Chip manufacturer Intel will show the next generation of Thunderbolt at next month's Computex in Taiwan. Alongside the reveal of Thunderbolt 3, Intel is also showing USB Type C 3.1, the next iteration of the new connectivity standard that debuted on Apple's MacBook rebirth.
The current generation of Thunderbolt (Thunderbolt 2) reaches 20Gb/s. Apple's implementation of USB-C on the MacBook is based on the USB 3.0 protocol, which runs at 5Gb/s. USB Type-C 3.1 is a 10Gb/s protocol, still just half the speed than Thunderbolt 2. Thunderbolt 3 is said to be up to 40Gb/s, with some reports claiming even faster speeds, making it suitable for 8K video workflows. The USB 3.1 spec is final, and Intel's discussion about it is suspected to be limited to hubs and ancillary equipment associated with the new connector.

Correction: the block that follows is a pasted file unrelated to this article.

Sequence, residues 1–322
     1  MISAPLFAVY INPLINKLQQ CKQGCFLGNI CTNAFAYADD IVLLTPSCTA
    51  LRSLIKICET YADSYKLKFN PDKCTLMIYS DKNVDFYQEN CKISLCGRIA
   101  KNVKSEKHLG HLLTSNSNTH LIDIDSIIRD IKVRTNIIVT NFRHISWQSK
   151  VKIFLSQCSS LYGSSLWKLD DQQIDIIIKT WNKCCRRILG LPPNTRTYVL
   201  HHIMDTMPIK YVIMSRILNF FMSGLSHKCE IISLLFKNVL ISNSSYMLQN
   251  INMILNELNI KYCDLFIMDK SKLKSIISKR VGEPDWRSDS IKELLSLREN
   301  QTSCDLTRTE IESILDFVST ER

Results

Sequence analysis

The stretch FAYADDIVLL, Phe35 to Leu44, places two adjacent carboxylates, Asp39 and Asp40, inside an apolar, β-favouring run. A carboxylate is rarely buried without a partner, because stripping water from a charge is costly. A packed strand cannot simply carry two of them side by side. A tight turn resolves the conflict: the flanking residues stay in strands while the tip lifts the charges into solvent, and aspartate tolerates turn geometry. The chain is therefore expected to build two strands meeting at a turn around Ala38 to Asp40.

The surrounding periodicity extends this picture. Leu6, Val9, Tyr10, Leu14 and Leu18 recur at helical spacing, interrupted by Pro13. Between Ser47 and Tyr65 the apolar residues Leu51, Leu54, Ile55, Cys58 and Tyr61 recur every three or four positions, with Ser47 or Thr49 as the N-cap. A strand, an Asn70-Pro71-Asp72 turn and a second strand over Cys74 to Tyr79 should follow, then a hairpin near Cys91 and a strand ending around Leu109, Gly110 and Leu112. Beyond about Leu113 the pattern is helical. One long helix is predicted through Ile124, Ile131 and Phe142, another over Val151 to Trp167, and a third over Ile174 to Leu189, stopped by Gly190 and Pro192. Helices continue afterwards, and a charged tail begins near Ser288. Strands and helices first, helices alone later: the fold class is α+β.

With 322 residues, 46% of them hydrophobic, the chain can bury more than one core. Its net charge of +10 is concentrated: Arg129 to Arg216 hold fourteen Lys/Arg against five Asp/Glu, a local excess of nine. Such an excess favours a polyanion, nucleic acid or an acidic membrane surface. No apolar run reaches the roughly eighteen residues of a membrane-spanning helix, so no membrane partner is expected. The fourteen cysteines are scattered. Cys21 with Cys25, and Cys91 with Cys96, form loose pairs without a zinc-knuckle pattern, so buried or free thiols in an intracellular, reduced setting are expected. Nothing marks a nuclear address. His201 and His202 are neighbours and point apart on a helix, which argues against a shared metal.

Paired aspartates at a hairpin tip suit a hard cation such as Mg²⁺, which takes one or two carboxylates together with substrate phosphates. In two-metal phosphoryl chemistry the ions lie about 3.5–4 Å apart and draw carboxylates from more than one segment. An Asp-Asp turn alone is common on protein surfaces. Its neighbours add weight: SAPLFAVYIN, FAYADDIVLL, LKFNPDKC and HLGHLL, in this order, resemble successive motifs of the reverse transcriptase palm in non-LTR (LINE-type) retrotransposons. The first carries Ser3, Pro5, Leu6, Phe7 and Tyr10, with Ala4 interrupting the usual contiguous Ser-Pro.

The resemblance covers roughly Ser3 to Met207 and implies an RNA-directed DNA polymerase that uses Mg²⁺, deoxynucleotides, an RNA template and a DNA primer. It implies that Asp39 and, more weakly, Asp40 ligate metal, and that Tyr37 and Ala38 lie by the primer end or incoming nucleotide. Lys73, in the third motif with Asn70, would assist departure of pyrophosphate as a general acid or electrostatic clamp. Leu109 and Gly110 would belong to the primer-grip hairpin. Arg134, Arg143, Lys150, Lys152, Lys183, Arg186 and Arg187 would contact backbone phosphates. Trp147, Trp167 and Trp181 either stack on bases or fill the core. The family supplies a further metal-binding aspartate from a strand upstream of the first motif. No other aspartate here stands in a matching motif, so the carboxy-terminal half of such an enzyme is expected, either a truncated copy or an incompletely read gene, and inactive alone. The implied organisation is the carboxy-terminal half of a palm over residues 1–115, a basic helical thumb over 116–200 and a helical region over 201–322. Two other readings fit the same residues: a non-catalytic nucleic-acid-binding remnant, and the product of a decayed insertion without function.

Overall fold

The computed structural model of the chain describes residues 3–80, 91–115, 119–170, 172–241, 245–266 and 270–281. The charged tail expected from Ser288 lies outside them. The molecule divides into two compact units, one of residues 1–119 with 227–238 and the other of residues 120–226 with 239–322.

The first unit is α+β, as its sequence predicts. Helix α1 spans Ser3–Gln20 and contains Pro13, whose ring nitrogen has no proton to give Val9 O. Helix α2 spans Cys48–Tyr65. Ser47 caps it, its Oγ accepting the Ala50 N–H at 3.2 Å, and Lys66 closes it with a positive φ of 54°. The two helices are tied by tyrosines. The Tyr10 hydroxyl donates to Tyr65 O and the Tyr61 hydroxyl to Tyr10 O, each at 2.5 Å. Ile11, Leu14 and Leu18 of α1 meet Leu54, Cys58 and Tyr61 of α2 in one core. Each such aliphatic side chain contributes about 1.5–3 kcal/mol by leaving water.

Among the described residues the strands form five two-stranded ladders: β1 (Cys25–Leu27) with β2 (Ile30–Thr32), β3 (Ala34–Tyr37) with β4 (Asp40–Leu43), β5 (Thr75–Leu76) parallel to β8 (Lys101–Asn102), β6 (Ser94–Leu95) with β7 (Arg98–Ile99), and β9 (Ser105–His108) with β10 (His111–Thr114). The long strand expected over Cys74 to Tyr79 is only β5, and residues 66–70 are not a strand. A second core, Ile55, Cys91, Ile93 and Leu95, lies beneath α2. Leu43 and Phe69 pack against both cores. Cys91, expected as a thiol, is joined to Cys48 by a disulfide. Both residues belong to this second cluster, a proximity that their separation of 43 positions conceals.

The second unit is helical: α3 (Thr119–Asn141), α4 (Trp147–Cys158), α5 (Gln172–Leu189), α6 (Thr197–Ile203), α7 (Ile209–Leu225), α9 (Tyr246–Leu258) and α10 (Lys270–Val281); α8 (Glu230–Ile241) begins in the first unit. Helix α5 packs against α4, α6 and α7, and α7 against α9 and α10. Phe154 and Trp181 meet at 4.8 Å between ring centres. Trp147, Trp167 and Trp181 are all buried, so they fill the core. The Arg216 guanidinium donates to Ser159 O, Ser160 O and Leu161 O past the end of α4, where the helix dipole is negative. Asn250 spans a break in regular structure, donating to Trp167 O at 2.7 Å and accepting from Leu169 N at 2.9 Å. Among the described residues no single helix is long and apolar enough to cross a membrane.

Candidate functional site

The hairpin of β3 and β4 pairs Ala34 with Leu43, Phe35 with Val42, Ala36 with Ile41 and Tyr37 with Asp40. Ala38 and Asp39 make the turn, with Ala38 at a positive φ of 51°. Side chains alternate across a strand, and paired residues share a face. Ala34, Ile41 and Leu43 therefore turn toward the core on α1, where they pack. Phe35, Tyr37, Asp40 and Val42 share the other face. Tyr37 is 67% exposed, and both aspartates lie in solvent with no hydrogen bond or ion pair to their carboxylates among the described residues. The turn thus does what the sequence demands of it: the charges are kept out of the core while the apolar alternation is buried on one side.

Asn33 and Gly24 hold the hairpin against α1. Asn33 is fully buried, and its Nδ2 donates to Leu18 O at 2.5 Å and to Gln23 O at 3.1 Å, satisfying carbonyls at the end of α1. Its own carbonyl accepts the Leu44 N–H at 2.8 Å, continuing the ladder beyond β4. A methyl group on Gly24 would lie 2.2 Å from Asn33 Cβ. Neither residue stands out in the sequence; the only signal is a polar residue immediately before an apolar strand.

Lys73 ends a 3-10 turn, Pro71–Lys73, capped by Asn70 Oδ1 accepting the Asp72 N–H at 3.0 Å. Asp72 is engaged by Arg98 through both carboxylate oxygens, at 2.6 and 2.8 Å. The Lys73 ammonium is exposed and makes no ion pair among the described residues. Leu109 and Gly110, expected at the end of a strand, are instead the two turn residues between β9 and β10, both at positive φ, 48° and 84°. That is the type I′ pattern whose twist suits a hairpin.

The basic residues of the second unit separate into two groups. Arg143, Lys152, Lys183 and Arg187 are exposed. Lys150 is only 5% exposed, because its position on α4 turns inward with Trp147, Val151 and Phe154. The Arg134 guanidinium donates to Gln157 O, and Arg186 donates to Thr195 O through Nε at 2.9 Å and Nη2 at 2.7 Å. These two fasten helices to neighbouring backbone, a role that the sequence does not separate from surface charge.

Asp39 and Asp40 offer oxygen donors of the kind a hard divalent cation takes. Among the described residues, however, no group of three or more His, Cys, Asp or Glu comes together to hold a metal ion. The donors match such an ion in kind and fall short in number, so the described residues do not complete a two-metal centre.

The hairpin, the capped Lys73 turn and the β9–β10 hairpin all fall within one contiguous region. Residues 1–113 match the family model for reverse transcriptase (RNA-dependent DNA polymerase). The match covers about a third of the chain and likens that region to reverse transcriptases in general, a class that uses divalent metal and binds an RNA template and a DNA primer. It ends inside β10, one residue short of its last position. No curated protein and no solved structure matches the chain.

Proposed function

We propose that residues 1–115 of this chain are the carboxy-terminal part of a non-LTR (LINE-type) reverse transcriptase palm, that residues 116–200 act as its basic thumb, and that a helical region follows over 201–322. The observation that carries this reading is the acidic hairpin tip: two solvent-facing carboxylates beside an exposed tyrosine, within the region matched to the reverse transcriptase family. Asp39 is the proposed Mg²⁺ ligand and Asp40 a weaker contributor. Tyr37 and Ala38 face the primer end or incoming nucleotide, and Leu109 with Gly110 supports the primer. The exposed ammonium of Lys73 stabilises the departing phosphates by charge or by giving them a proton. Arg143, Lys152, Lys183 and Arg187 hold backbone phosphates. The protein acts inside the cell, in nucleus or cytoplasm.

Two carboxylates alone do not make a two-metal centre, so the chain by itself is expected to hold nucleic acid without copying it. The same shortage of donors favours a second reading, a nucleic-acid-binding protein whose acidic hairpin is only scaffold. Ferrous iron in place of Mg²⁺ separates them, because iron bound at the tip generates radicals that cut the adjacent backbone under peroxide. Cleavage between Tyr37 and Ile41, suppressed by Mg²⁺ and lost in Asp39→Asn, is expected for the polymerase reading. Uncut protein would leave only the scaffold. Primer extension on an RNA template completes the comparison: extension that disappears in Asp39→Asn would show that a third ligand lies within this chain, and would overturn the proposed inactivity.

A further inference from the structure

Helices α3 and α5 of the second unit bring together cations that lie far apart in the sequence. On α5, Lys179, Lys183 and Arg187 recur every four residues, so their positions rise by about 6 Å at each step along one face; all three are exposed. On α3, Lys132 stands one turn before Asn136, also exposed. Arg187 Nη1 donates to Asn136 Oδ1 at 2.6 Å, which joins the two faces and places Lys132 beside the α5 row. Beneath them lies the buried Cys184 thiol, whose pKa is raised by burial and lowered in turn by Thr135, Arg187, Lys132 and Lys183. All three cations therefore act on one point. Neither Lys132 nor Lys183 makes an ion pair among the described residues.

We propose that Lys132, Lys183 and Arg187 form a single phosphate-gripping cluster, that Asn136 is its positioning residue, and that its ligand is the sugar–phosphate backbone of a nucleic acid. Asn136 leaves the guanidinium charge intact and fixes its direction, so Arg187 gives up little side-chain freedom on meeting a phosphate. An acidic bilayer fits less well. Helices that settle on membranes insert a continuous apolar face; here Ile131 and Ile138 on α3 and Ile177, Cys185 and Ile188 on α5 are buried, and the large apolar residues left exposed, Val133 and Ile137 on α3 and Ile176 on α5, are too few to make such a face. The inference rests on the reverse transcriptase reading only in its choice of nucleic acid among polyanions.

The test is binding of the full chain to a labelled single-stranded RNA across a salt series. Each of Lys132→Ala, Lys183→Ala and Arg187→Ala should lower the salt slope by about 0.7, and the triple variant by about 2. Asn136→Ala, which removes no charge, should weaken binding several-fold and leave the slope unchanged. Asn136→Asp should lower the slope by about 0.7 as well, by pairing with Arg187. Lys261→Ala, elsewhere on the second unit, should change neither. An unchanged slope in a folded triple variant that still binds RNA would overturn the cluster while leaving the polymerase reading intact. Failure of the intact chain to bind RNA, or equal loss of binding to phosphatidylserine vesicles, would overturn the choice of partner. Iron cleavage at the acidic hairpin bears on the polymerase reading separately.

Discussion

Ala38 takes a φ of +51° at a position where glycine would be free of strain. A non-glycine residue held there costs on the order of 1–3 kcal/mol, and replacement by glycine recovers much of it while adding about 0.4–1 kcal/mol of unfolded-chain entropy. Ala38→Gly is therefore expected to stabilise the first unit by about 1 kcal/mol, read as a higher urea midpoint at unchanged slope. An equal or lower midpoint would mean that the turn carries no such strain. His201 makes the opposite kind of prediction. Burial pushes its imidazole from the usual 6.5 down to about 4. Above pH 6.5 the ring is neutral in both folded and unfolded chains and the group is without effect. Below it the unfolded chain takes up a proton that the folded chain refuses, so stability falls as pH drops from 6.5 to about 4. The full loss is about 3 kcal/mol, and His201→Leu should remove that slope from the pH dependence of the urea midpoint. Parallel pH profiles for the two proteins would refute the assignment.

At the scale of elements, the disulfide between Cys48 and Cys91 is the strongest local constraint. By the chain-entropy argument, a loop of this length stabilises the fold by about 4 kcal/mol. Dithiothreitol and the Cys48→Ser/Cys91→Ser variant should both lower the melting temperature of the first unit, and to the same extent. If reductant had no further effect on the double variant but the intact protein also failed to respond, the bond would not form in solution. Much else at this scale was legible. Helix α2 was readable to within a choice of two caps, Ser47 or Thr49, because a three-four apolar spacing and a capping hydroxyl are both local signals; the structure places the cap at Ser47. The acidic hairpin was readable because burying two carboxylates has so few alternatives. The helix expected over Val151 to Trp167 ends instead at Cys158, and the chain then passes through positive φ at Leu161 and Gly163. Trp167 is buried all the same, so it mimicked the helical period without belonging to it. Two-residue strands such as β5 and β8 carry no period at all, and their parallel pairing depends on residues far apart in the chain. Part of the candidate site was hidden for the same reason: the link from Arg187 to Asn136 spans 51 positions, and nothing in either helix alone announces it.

No firm data about what Intel is showing has been made public. Despite USB's ubiquity and rumors circulating that Apple is going to phase it out in favor of USB-C, Intel claims that the pair of technologies which it helped spearhead are complementary, and can co-exist. It is likely that Thunderbolt will continue to be regarded as a "pro-level" technology, with USB-C taking the "consumer" market.
MacNN is in the process of evaluating the practicality and implications of shared bandwidth of Apple's USB-C implementation with docking stations, versus Thunderbolt.